Pharaoh gave orders to all his people, saying: Every son that is born, you shall throw away into the Great River; but every daughter, you shall let live. (Exodus/Shemot 1:22)

Why does the pharaoh want to kill only the newborn boys, and not the girls? Commentators have pointed out that men carried the identity of a tribe or nation. Women became members of their husbands’ tribes when they married. If the only young Israelites were female, they would merely become wives, prostitutes, or servants to Egyptians.

I would add that adolescent boys and young men are always seen as the most dangerous members of an out-group. If the pharaoh emphasized that the Hebrew boys would grow into wild young men who might “rise up” and “wage war”, he could incite enough fear in Egyptian men to overcome any reluctance about murdering their neighbors’ babies.

The children of Israel are already subject to corvée labor with no fixed endpoint—in practice, a kind of slavery. After the pharaoh’s general order, they are also helpless against any Egyptians who decide to drown their male children.  Only a hero and a miracle can reverse the situation. The miracles will come from God; the hero is born among the Israelites in Egypt. His mother hides him for three months before putting him into the Nile in her own way.

When the pharaoh’s daughter opens the papyrus box (or ark) floating among the reeds of the Nile and sees a baby boy, she says: This is one of the children of the ivrim. (Exodus 2:6)

Thus the infant whom she adopts and names Moses begins life identified as an ivri. Although Moses grows up with the status of a grandson of the pharaoh, he knows that the persecuted “Hebrews” in Goshen are his people. But only during his sojourn among the Midianites on the Sinai peninsula does Moses become the archetype of Yisra-el, someone who struggles with God. Then God sends him back to Egypt to liberate his people. After God’s miracles have broken the pharaoh’s strength, Moses leads the ivrim out of Egypt and toward Canaan: the land where ivrim come from, and the land where they can live as children of Yisra-el.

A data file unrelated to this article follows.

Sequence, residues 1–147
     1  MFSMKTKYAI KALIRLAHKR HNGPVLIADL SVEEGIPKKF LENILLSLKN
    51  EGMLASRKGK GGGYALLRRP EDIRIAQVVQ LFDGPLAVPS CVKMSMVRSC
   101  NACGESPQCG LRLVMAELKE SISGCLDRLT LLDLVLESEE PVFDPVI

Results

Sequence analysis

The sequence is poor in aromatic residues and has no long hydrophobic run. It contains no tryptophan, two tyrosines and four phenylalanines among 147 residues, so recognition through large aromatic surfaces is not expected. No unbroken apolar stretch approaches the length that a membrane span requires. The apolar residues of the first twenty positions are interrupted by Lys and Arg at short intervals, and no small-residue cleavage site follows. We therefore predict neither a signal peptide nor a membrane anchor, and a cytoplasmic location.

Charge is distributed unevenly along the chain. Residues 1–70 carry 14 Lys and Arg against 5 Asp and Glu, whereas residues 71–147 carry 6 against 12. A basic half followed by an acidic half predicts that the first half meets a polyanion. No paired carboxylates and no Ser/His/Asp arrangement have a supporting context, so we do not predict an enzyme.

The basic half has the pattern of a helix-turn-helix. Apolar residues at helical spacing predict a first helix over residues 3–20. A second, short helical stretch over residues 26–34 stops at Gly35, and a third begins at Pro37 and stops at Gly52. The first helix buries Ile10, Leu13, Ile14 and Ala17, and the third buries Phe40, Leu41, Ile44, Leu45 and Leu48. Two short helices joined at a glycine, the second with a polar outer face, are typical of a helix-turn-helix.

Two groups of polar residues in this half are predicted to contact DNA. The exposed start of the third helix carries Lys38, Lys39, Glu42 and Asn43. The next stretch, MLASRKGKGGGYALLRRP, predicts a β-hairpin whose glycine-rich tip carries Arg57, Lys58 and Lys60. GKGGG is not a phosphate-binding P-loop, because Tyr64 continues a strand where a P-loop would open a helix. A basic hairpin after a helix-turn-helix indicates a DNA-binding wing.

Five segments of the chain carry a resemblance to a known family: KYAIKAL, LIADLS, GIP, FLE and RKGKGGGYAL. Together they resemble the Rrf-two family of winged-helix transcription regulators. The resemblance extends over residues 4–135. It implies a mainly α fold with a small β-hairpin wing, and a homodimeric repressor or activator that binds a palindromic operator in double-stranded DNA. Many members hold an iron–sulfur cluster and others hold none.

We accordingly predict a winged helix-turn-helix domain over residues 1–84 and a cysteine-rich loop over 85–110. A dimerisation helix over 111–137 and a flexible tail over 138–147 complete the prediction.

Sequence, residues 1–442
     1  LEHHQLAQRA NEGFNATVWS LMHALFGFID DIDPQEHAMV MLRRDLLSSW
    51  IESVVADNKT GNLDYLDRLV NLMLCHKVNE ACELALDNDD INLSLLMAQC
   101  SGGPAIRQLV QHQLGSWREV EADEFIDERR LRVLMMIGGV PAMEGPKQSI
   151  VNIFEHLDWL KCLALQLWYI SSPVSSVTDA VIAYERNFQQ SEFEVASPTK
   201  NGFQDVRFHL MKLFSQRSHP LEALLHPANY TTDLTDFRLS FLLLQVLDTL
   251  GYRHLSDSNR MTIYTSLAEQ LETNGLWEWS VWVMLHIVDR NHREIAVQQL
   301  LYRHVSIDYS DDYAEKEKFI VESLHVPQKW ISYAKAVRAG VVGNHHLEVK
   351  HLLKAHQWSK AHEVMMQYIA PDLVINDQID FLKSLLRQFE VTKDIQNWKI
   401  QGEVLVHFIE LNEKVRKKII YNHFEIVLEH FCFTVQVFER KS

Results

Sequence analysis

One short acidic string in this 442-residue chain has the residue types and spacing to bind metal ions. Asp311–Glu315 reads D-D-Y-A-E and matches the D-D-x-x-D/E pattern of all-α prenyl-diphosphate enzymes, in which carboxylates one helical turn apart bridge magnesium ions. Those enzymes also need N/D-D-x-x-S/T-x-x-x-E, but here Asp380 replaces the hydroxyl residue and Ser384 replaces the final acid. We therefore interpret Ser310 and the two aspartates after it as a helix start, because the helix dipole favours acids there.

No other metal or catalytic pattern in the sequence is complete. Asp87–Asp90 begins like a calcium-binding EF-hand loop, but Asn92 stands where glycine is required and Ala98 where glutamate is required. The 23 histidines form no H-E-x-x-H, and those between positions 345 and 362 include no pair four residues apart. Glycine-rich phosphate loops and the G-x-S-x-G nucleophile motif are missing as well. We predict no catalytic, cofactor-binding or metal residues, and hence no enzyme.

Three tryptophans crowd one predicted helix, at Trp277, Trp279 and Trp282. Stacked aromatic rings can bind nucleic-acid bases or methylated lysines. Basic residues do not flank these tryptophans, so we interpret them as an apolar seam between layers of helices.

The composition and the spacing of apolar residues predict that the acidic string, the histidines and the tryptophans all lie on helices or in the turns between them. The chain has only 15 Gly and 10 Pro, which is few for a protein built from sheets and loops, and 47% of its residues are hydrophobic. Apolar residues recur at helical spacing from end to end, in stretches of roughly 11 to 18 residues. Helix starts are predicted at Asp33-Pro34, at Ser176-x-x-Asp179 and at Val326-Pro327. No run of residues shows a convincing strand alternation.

The word ivri, in its singular and plural forms, occurs a number of times in Genesis and Exodus when the action is taking place in Egypt. Once the Israelites leave Egypt, the rest of the “Hebrew” (or Jewish) Bible rarely calls them ivrim. References to “Hebrew” people appear only in rules regarding Israelites who have sold themselves as slaves, and conversations with non-Israelites.

The Israelites consider themselves “children of Israel” (unless they are degraded by slavery), but outside their own land, they continue to go by a name that implies they are just hobos or bandits passing through.

The Israelite occupation of Canaan was not permanent; the Babylonians conquered Jerusalem, the Israelites’ last stronghold, in 586 BCE. It took 2,534 years before there was an independent nation of Israel again. During much of that time, in many different countries, Jews were treated like ivrim, unsavory migrants.

The modern state of Israel was declared a nation in 1948 CE, but the Jews who “returned” there were very different, ethnically and religiously, from the Israelites who were swallowed by the Babylonian empire. Similarly, the people of modern Egypt are very different from the Egyptians of 3,000 years ago.

No group of people is permanent. Identifying some residents of a country as natives, and others as migrants, outsiders, ivrim, is ultimately a useless enterprise. Demagogues can stir up fear and hatred for a while, but then every country and its people will inevitably change.

I believe that none of us are natives, if you look back far enough in history. None of us have an exclusive claim to a patch of land. All of us are temporary residents—in our countries, and on this earth. We are all ivrim.

Our challenge is to recognize that everything is temporary. Some of us embrace a further challenge: to dedicate the rest of our short lives to becoming true children of yisra-el, wrestling with mysteries and struggling with our relationship with God.